string lights with a gold cordSo, next, you spray the cord and sockets. If you’re dressed appropriately, you can hold it up to make sure you get all the way around and in the nooks and crannies. Or if you’re very inappropriately dressed for spray painting, you can put it down on something, spray from really far away and wait for it to dry on one side before you turn it spray on the other side (and repeat about four times because you really don’t want to mess up those expensive black jeans).
string lights with a gold cordOnce everything is dry, pull out the paper you stuffed up in the guts of those sockets (it’s easy work with tweezers), remove the tape from the plug prongs, carefully replace the bulbs, then plug that shit in so it’s all fucking merry and bright. Seriously, the lights seem a hell of a lot brighter on the gold cord than the drab green one. They look fabulous on my black fireplace, but they’ll also look really nice on your Christmas tree, or wherever the hell you plan to hang them.

Like what you see? Follow me on Instagram!

Share this shit:

Festive Shit You Can Actually Make: Minimalist Eucalyptus Wreath

posted in: Christmas, Crafts, Holidays | 0

DIY eucalyptus wreathOh, hi. Here’s a tutorial for a DIY eucalyptus wreath literally ANYONE can make for the holidays or any damn day. Much like my washi-tape Easter eggs, these likely aren’t instructions you actually need. I mean, you could probably just look at the picture and figure that shit out. That’s exactly what I did, anyway. I was chilling at a holiday styling event (basically a room full of fashionable blondes in tan ankle booties) at Golden & Pine last month, and I spotted these adorable little minimalist hipster fucking wreaths. Then I thought, I could make that shit. And then I thought, I will make that shit. And then I thought, I shall turn that shit it into holiday content. And so I did.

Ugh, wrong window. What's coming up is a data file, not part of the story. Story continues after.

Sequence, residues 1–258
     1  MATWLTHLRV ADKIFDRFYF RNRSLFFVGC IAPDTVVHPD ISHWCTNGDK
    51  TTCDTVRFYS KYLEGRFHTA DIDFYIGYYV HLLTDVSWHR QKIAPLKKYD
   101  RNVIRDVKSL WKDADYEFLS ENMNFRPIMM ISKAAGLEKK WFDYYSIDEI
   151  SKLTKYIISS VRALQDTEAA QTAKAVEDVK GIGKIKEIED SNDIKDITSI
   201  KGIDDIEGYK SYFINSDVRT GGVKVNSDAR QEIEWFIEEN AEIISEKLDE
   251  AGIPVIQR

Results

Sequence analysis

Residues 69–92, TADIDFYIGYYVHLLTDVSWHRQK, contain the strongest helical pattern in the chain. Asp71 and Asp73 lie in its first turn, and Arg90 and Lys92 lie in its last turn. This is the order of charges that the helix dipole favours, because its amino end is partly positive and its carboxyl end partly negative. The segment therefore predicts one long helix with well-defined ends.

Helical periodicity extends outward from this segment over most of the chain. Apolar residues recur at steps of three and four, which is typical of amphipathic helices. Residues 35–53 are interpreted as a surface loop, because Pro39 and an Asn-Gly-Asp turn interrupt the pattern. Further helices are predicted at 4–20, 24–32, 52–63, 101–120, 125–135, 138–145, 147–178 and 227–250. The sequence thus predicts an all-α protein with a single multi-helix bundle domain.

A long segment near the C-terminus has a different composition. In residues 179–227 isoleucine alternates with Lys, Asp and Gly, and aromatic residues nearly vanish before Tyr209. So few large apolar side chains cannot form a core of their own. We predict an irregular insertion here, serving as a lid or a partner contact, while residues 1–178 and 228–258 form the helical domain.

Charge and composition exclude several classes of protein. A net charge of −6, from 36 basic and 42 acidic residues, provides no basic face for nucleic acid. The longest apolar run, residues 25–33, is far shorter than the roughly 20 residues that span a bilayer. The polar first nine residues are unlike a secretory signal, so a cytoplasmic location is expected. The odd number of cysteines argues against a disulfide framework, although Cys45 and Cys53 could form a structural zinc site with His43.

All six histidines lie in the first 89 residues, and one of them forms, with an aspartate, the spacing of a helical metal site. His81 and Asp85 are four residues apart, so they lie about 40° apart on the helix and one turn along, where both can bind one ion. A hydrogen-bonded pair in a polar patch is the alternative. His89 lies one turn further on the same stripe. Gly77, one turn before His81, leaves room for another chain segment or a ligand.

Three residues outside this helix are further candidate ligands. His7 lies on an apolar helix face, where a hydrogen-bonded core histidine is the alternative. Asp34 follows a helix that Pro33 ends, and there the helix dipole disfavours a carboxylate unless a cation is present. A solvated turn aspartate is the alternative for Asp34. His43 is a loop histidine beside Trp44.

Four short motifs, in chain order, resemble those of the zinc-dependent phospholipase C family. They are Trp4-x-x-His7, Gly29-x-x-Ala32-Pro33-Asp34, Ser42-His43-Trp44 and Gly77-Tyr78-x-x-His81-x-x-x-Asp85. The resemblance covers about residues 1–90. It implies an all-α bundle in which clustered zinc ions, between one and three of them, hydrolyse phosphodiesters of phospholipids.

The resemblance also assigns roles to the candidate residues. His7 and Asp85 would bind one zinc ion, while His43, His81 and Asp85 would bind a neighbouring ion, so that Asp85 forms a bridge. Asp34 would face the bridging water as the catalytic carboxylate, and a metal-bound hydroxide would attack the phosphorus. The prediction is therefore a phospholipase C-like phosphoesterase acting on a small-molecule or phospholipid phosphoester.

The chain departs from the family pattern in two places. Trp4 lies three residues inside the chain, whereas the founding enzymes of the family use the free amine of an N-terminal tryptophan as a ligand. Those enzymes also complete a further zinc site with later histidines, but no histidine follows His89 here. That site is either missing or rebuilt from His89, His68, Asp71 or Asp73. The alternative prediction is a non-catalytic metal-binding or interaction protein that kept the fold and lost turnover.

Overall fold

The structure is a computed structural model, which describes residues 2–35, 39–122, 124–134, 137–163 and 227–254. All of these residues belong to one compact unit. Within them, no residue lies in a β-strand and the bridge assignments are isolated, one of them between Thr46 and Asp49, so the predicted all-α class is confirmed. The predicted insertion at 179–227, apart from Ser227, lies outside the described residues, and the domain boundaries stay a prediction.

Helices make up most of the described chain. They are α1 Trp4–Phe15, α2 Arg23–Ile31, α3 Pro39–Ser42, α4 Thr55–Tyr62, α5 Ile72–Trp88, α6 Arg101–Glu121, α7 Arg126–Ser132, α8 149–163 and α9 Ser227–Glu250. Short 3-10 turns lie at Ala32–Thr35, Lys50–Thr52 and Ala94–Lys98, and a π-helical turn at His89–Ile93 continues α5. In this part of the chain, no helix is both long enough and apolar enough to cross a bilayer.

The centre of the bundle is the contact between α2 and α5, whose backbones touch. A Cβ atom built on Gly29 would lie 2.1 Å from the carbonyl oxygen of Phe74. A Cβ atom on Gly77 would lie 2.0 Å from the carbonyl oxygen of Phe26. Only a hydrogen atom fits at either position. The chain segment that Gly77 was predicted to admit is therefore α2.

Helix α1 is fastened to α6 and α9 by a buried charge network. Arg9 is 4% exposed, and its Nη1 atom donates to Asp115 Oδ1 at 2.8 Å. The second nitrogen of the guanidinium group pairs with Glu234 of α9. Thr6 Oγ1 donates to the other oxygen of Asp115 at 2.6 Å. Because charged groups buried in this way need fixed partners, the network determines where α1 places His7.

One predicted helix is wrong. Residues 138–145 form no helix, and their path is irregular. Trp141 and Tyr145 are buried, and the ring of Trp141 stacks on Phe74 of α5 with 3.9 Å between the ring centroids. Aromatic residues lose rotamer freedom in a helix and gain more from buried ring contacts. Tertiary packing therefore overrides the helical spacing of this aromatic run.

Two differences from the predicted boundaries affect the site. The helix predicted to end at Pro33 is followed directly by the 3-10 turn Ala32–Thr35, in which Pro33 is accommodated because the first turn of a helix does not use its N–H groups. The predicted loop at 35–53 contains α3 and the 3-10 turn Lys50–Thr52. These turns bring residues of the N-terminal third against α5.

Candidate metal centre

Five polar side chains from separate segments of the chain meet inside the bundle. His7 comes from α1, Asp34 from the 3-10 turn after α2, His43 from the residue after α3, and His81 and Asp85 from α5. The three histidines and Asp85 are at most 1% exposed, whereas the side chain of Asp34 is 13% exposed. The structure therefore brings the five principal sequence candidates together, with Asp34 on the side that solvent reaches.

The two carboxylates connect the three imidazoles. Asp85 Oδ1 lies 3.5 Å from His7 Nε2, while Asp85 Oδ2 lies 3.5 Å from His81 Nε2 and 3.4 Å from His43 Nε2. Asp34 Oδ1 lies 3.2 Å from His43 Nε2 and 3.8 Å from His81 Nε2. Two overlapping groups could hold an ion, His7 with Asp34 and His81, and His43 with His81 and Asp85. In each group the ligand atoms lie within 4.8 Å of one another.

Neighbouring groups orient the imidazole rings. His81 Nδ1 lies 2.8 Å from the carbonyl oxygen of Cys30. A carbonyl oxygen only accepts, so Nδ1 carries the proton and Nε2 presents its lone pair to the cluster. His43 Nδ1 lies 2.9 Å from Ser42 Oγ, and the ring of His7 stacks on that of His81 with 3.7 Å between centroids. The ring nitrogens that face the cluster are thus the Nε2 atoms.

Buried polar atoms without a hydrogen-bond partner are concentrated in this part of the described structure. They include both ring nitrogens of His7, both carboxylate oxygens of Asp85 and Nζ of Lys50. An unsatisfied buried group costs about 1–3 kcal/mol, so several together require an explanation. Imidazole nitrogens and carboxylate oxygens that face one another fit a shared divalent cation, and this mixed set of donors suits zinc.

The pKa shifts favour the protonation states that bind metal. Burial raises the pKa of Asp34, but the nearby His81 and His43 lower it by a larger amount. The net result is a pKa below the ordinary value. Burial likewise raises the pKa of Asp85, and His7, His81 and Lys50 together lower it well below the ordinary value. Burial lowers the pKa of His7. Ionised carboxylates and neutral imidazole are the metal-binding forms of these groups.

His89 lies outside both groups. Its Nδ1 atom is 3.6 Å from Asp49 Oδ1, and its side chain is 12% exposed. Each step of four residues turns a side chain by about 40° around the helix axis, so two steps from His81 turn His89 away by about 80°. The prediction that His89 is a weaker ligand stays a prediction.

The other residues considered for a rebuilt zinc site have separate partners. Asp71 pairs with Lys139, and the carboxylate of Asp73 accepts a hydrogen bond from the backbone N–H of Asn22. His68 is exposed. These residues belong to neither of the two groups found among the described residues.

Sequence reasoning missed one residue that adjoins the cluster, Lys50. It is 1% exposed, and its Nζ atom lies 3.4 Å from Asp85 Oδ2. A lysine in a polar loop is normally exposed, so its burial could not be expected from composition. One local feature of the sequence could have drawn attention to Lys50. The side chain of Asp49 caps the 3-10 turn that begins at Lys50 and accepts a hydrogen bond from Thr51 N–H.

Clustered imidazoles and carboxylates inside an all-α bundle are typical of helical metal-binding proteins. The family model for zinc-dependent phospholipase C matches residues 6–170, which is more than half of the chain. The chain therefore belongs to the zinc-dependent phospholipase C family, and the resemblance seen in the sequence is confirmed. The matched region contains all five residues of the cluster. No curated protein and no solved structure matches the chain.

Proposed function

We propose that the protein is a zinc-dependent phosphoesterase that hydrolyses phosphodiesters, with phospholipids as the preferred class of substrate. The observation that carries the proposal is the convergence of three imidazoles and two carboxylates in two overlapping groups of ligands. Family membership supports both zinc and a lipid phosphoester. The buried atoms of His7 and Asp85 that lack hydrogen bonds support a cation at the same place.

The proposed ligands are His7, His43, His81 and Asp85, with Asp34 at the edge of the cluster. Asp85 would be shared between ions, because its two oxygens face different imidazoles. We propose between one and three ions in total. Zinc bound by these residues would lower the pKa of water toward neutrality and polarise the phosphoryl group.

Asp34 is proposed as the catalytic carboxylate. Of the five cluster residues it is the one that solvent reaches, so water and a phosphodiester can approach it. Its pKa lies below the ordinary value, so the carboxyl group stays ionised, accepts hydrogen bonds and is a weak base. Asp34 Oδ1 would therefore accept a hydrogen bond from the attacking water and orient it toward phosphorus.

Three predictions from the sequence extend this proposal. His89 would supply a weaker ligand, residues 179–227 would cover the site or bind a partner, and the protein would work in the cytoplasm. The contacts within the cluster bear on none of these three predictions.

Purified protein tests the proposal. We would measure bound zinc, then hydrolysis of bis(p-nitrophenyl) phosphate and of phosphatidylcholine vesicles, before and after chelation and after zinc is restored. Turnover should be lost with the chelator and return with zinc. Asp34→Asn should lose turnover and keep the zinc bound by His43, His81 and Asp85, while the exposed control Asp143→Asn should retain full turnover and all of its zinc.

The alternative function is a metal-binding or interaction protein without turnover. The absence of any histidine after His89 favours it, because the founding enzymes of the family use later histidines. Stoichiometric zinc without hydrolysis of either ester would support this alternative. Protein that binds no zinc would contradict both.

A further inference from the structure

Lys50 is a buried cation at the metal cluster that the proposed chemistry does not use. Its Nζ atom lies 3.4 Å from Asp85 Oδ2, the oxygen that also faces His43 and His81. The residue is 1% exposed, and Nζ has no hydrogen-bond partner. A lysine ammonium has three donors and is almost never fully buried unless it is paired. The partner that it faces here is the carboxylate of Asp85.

So now you get way too many pictures of a really simple, pretty little DIY, because I finally got someone to take some goddamn pictures of me (but somehow didn’t manage to zip my jeans up all the way). Of course, I haven’t been home with good light to take a final beauty shot, and I’m also making them with pine right now, so I feel like I’m keeping so much from you! I’m planning to switch that shit out by the season, too, so be sure to follow me on Instagram to see all the places I’ll go. With the wreath I mean. I rarely go anywhere but home and work these days. And like I said, I’m never home when the sun is out.

DIY eucalyptus wreathWhat You’ll Need:

Thick brown craft wire (I used this stuff from Michaels)
Thin green or brown craft wire (optional)
Fresh Eucalyptus (I get mine at Trader Joe’s)
Leather cord
Good scissors or wire cutters (or both, but probably wire cutters for the thick wire)

DIY eucalyptus wreathTo start, form a circle with the thick brown craft wire. I went all the way around twice so that shit was nice and sturdy.

DIY eucalyptus wreathNext, affix some eucalyptus to part or all of the circle. I used thin green craft wire to do this, but the thick stuff will work, too, if you don’t have both.

DIY eucalyptus wreathCreate a little hangy-dangy thing with about eight inches of brown leather cord. Tie the two ends together in a knot then loop it around one part of the wreath. (And unlike me, be sure your fucking jeans are zipped up all the way!)Voila. You are done! How fucking easy was that? (Easy. Really, really easy.)

Like what you see? Follow me on Instagram!

Photos by Grace Pritchett 


Share this shit:
1 2 3 4 5 6 17